CTV's "Big Bang" hockey promo goes out with a whimper, bowing to CBC's demand to cool it
October 12, 2012
TORONTO - In the interest of “confused” hockey fans across the nation, CTV says its freezing plans to run its new promo campaign for TV show The Big Bang Theory.
CTV says it has agreed to the CBC’s request that it cease all promotion and publicity for its broadcast plans for Big Bang Night in Canada as previously reported by Cartt.ca. The promotion highlighted its plans to run a two-hour block featuring back-to-back episodes of The Big Bang Theory, Saturdays from 8-10 p.m. ET/PT beginning October 13.
CTV said the shows were “aimed squarely at the millions of hockey fans coast-to-coast-to-coast” to provide a weekly “distraction from despair.”
But in a strongly worded legal directive, the CBC accused CTV’s branding of being “confusing” to viewers with respect to their trademark for “Hockey Night in Canada.” “We take this matter very seriously,” stated the CBC letter, according to CTV. (Late on Friday the CBC retracted the letter admitting that "someone was overzealous in responding").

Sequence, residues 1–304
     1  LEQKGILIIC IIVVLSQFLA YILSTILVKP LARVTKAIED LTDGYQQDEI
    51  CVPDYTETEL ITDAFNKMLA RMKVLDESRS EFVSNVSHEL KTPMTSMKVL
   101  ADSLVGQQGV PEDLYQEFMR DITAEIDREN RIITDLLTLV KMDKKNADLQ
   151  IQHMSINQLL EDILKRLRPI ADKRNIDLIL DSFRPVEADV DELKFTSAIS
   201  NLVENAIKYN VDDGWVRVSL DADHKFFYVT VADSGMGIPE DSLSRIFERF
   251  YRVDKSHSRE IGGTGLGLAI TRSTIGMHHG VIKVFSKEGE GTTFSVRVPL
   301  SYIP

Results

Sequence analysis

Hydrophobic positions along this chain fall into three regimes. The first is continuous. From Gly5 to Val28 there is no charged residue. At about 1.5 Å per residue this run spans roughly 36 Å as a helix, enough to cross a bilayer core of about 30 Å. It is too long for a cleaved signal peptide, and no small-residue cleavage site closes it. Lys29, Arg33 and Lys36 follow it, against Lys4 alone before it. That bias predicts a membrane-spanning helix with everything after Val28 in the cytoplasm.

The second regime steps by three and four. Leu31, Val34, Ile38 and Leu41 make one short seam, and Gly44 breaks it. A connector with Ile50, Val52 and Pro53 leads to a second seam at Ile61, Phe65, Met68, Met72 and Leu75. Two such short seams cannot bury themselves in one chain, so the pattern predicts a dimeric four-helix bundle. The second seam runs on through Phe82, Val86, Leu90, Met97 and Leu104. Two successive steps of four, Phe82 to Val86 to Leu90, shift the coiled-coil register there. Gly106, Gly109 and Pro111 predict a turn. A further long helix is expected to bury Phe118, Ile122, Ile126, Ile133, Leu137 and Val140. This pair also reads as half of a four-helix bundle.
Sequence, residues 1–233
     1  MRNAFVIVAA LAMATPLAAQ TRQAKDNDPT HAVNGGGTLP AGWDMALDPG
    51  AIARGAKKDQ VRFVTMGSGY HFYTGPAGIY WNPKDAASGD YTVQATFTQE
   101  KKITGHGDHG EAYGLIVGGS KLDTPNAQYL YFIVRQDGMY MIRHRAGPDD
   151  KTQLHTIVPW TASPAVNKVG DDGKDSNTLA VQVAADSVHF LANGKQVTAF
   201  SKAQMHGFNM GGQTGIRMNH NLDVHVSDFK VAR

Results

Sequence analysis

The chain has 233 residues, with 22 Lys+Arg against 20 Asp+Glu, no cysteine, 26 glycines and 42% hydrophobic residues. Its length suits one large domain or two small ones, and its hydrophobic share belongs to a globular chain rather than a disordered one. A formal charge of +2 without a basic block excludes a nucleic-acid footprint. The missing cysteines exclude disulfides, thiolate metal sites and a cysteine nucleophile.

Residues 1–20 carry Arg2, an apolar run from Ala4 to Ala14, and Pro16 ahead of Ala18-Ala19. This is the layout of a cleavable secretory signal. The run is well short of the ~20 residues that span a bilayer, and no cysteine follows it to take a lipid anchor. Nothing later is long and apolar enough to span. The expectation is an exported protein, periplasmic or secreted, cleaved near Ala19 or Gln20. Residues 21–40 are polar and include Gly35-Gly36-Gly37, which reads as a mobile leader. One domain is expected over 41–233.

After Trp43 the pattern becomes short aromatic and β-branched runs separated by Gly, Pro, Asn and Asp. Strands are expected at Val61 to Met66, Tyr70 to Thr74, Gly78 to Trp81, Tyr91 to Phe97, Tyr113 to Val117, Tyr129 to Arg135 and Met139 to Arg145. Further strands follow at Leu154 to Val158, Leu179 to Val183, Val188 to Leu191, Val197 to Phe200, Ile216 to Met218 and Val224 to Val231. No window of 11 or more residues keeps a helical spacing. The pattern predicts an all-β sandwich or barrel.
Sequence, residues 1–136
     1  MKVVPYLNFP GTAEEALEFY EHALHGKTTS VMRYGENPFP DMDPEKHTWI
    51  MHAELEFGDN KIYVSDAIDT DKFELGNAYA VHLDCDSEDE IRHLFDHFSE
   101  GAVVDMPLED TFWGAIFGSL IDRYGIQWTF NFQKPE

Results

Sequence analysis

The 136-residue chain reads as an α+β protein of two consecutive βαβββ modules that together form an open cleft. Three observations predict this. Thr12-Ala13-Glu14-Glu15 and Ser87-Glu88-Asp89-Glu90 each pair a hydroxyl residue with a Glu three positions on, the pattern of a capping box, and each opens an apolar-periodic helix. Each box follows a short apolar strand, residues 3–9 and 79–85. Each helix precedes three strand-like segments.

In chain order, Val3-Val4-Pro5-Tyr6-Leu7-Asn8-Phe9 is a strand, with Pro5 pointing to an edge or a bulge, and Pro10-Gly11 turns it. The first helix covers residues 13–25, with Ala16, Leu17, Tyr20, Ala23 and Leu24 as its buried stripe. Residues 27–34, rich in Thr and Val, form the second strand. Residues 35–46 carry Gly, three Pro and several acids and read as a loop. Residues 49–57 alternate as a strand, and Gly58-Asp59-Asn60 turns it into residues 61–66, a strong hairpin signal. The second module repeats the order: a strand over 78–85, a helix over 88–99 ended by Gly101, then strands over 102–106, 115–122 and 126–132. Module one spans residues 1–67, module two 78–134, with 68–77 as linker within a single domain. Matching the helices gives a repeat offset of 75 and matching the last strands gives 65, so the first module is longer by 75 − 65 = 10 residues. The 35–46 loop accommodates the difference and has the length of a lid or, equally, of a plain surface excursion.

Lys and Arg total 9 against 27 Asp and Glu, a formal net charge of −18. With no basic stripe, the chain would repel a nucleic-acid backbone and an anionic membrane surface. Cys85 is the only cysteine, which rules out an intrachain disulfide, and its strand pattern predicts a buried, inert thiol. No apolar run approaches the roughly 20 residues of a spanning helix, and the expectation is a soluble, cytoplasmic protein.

The CBC apparently was concerned the promo would confuse viewers of its current “classic” NHL games on Hockey Night in Canada format with the comedy series about four socially awkward scientists and their friends.
“So, out of deep respect for the millions of viewers that CBC has alleged are “confused,” and in the spirit of the Lady Byng trophy, CTV today pledged that it will heed the request and rebrand its Saturday night programming as Big Bang Night on CTV,” said the CTV in a statement.
It added “Hopefully, the move will prevent further ‘reducing the esteem’ of CBC’s programming.”
CTV says that it will now be “forced to ramp up its promotional campaign” for Big Bang Night on CTV by tripling its on-air promotional resources to re-launch the block and prevent any supposed and unintentional “confusion.”
It added that Bell Media has undertaken a review of its operations to ensure no additional potential “confusion” with CBC programming. Although similarities were found, Bell Media confirms it has no issue with CBC imitating its specialty channel ESPN Classic with the airing of classic hockey games on Saturday nights, as long as “CBC is not concerned that viewers may interpret that Gretzky, Gilmour, and Lemieux have come out of retirement.”
(Editor’s note: CTV has not confirmed if it now intends to invite back Alex Trebek to air old episodes of Stars on Ice on Saturday nights.)